The particular charge in the case at bar is that the defendant refused to publish a "finding" of the minimum wage board. The record shows that a letter was sent to the defendant with the request to "publish the accompanying
advertisement" on a specified date. The complaint shows that this "accompanying advertisement" was introduced by these words: "The Minimum Wage Commission hereby gives notice" that a named employer of labor was not complying with its recommendation as to minimum wages to be paid to women in its service, together with a statement of those recommendations, the unanimity of conclusion reached by the wage board and the obligation imposed on the commission under such circumstances. No argument has been made that this was not in conformity to the statute. That question is not considered. It is assumed in favor of the Commonwealth. The defendant refused to comply with the request of the minimum wage commission for publication of the "accompanying advertisement" on the ground of the questionable validity of the statute above quoted.
The only point to be decided is whether the mandatory terms of the statute violate the rights secured to the defendant by the Constitution. The question expressly left open in Holcombe v. Creamer, 231 Mass. 99 , 111, 112, is now presented for decision.
There appears to us to be nothing in the decision in Adkins v. Children's Hospital, 261 U. S. 525, which requires a modification of the decision or the reasoning in Holcombe v. Creamer, 231 Mass. 99 , wherein the main features of our minimum wage law were upheld. The statutes under consideration in these two decisions differ radically in a fundamental provision. Our statute, now G. L. c. 151, contains no compulsion as to the payment of any rate of wages but leaves that subject wholly to the voluntary act of employer and employee. It merely affords machinery for inquiry by a public board touching the rate of wages which women and children in a particular occupation ought to receive "to supply the necessary cost of living and to maintain the worker in health," and for making public the results of that inquiry. It resembles in its constitutional features the act of Congress upheld in Pennsylvania Railroad v. United States Railroad Labor Board, 261 U. S. 72. The statute before the court in Adkins v. Children's Hospital, 261 U. S. 525, made compulsory upon both employer and employee such rate of wages
when so ascertained. All that was decided in Holcombe v. Creamer stands and must be accepted as the basis of the present adjudication.
Section 12 of the statute now under consideration is not in terms permissive. It is penal. Its effect is to render liable to criminal prosecution with severe fine every publisher of a newspaper refusing to print as therein required. It imposes a strong coercion. As a practical matter it cannot be resisted by a law abiding publisher. It is in substance a mandate from the Commonwealth. If valid, it must be obeyed by all coming within its sweep.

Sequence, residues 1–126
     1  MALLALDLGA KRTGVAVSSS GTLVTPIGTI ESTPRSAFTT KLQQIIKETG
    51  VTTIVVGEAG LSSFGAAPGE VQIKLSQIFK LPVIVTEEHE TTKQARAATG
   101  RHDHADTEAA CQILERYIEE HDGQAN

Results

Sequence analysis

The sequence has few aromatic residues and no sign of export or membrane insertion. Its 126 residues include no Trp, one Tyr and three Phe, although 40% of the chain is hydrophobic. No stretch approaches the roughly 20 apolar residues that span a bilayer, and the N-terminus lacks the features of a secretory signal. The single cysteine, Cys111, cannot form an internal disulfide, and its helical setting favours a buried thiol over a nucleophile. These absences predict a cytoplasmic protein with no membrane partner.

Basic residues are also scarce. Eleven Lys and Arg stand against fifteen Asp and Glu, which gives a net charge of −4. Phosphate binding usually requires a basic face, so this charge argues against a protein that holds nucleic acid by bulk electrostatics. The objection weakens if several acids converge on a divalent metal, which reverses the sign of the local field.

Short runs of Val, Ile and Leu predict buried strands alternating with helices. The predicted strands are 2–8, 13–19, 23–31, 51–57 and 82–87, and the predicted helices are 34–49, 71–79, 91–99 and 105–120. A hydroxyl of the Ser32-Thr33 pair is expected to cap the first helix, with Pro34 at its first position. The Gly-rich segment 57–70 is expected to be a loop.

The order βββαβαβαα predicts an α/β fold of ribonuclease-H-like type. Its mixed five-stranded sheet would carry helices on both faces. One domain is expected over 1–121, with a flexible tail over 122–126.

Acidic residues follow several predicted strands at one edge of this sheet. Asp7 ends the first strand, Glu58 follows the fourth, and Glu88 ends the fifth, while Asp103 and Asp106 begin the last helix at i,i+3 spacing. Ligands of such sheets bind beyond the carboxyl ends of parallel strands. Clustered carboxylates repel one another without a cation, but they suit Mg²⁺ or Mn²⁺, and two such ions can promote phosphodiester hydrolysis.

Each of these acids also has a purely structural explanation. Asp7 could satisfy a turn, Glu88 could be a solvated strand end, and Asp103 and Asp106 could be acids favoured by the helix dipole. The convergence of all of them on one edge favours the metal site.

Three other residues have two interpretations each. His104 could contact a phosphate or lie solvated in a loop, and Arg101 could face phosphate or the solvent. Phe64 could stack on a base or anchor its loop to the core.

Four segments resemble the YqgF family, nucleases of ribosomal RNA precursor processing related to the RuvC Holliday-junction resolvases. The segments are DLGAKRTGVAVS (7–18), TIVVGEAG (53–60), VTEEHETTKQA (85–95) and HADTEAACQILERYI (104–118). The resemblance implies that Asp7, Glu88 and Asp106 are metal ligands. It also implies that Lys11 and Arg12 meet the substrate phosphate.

This mandate of the sovereign is that the publisher of a newspaper must print the "findings, decrees or notices" of the minimum wage commission. The meaning and scope of these words must be ascertained from other parts of the chapter. In s. 4 occur the words "decree of its findings" as descriptive of the decision of the commission concerning minimum wages which ought to be paid under the act and of its ascertainment of facts as to acceptance of its recommendations by employers and as to the names of employers following or refusing to follow such recommendation. "Decrees" is found in s. 14. In this context that word signifies nothing more than recommendation, suggestion, determination or finding of fact. "Findings" means ascertainment of facts, the reasons therefor and expressions of opinion on the subject o minimum wages and matters germane, ancillary and subsidiary thereto. In s. s. 2, 4 and 14 is the word it notices," indicating notifications to parties interested, either employers or employees, of proposed hearings or of decisions reached.
The effect of the statute is to compel the publisher of any newspaper, selected by the public board established by the statute, to print the matter offered by that board in accordance with the statute at the rate specified in the statute. The publisher has no option. He must print. He cannot negotiate as to the rate he will charge. His regular rate to the general public for space fixes the price to be paid to him. He can receive no more. The contract to publish at that price is imposed upon him as an absolute obligation by the